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The Black Shuck








There are so many myths, tales, legends and sighting’s of this fearsome apparition that it is hard to know where to begin. Black Shuck is said to be one of the oldest phantoms of Great Britain, with the name deriving from the Anglo-Saxon word ‘scucca’, meaning demon or devil. Other historians say that the hound has its origins in Norse mythology, based on Odin and Thor’s huge dog of war 'Shukir’.

Local legend tells of a huge hound, the size of a small calf with blazing eyes, who regularly prowls the coastal path between Sheringham and Overstrand. Unsuspecting night walkers would first become aware of the padding sound of the hound’s heavy paws. Out of the corner of their eye they may see a gathering darkness slowly forms into the outline of a huge hound. Lurking in the night shadows, the beast is said to track the steps of its victim, drawing ever closer.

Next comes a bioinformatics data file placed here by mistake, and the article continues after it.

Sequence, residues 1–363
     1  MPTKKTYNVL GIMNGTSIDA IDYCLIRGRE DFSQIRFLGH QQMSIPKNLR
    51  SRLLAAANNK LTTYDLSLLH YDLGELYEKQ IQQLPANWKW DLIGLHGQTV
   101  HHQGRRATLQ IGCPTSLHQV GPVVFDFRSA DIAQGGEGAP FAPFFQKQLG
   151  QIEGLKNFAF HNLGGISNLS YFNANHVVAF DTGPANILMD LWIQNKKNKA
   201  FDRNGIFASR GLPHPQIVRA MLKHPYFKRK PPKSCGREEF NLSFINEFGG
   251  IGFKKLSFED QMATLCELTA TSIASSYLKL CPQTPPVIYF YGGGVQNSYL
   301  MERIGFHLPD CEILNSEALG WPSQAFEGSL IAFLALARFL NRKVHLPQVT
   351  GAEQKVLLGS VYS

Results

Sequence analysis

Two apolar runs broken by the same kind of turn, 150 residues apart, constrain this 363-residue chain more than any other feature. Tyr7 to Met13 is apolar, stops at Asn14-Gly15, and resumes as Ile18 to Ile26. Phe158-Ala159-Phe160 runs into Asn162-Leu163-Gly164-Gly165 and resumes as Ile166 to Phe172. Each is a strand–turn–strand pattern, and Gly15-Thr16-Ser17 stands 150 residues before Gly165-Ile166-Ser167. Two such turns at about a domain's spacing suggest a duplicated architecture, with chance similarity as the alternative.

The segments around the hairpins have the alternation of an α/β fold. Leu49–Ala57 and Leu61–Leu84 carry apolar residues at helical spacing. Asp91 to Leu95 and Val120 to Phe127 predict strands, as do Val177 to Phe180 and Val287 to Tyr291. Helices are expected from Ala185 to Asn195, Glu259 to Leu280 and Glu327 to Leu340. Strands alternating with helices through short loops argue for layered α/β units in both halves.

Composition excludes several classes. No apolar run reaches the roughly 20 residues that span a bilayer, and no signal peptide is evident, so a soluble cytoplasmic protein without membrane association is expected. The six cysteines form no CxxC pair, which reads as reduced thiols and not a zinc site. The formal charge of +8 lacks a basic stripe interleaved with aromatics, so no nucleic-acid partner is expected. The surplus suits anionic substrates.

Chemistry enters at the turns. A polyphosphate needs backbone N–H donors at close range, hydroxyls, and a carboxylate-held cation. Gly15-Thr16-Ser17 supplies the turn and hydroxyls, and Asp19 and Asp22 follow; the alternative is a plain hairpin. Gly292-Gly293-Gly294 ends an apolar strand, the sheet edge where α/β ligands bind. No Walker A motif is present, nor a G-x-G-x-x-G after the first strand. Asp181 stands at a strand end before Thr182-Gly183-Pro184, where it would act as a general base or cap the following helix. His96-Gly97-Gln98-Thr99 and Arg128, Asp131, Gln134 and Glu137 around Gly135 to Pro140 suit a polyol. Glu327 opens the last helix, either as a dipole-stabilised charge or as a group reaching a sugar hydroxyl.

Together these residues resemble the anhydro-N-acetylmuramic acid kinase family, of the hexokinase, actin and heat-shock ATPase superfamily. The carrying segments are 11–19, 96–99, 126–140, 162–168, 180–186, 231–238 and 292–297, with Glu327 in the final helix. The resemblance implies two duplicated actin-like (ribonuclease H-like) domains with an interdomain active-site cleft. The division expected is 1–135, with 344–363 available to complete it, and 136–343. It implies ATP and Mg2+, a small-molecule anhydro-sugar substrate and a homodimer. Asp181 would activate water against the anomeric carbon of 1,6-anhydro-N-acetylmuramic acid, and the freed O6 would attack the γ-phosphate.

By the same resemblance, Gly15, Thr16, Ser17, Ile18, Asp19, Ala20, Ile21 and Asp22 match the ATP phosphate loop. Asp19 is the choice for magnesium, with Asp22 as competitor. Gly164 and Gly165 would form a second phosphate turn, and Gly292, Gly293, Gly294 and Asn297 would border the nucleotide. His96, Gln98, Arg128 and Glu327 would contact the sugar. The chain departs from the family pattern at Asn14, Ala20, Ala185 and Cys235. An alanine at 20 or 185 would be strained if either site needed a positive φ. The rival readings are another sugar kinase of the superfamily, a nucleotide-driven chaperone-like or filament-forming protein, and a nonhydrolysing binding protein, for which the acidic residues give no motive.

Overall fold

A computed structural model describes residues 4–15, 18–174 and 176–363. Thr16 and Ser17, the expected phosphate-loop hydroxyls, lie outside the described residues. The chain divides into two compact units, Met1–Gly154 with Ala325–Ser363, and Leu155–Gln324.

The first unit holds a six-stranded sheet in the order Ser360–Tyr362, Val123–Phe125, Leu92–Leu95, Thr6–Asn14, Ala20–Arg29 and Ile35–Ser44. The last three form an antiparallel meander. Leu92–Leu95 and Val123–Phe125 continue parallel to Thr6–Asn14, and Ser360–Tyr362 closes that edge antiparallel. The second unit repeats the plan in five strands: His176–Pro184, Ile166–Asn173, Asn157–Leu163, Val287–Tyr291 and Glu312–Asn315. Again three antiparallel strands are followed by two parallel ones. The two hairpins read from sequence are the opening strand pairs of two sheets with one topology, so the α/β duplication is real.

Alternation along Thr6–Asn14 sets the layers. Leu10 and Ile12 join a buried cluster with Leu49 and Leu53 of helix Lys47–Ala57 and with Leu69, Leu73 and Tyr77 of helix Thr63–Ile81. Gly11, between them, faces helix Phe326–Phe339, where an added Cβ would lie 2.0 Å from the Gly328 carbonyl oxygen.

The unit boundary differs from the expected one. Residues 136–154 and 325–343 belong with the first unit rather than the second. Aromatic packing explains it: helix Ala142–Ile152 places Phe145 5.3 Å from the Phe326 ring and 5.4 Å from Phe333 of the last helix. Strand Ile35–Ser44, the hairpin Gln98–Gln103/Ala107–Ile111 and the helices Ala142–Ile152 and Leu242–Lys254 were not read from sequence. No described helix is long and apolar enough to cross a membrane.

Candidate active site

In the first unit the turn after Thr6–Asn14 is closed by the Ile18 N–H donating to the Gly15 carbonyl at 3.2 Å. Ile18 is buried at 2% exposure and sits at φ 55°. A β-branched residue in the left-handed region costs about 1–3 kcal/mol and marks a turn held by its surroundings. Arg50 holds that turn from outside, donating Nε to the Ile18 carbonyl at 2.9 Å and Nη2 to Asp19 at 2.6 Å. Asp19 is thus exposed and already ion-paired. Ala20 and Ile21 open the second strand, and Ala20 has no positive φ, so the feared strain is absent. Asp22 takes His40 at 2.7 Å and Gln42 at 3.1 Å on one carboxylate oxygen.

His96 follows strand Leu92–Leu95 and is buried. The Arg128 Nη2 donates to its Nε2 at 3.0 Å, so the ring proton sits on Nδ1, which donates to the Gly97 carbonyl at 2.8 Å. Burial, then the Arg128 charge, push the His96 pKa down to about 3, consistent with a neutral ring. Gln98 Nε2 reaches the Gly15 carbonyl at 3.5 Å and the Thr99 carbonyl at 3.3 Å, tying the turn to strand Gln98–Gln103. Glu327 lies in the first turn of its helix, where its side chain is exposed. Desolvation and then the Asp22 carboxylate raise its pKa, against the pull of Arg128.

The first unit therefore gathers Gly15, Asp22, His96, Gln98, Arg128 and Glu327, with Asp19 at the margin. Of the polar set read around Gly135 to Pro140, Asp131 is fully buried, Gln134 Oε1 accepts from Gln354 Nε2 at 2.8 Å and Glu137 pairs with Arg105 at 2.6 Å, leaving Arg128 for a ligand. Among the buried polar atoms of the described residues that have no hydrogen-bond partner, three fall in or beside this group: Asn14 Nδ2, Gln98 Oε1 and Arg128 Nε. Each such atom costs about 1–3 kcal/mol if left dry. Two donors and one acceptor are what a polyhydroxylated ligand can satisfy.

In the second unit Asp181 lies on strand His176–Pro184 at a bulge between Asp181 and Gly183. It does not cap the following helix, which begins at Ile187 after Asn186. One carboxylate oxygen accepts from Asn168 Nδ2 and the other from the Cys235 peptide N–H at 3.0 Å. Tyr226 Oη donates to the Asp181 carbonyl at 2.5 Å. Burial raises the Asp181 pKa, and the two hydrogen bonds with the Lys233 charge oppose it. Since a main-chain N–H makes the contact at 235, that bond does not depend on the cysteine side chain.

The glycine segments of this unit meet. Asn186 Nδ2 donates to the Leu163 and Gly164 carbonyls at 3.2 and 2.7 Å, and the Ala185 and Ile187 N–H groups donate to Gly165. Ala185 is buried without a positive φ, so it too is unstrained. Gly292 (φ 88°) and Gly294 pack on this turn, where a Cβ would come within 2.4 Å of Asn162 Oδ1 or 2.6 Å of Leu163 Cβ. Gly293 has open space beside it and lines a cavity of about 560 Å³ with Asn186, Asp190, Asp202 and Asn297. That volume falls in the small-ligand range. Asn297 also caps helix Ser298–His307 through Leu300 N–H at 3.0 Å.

Anyone unfortunate enough to turn around and meet its fiery gaze is said to die within a twelve month period.

The Black Shuck has had many documented sightings. In 1890 a young boy was rescued from the North Sea who told of being forced to swim further and further from the shore by a huge black dog who had chased him into the sea. Even during the 1920’s and 1930’s there were reports from the fishermen of Sheringham, of hearing a hound howling on the cliff tops during stormy nights. As recently as 1970 a sighting of Black Shuck made the headlines, when a huge hound was seen pounding over the beach at Great Yarmouth. In 1980, a young woman claimed to have met the hell hound whilst out walking with her young son. This sighting took place near Wisbeach, though the woman said that this hound had yellow eyes rather than red, but all of the other details were the same as that of Black Shuck.

Mythology says that 'ghost dogs’ tend to haunt old straight roads which may be located on 'Leylines’, ancient straight paths of invisible earth energy. Folklore says that churches would be sited on these straight lines and would be used by spirits who would travel along them from graveyard to graveyard. These were sometimes known as 'Corpse Ways’.
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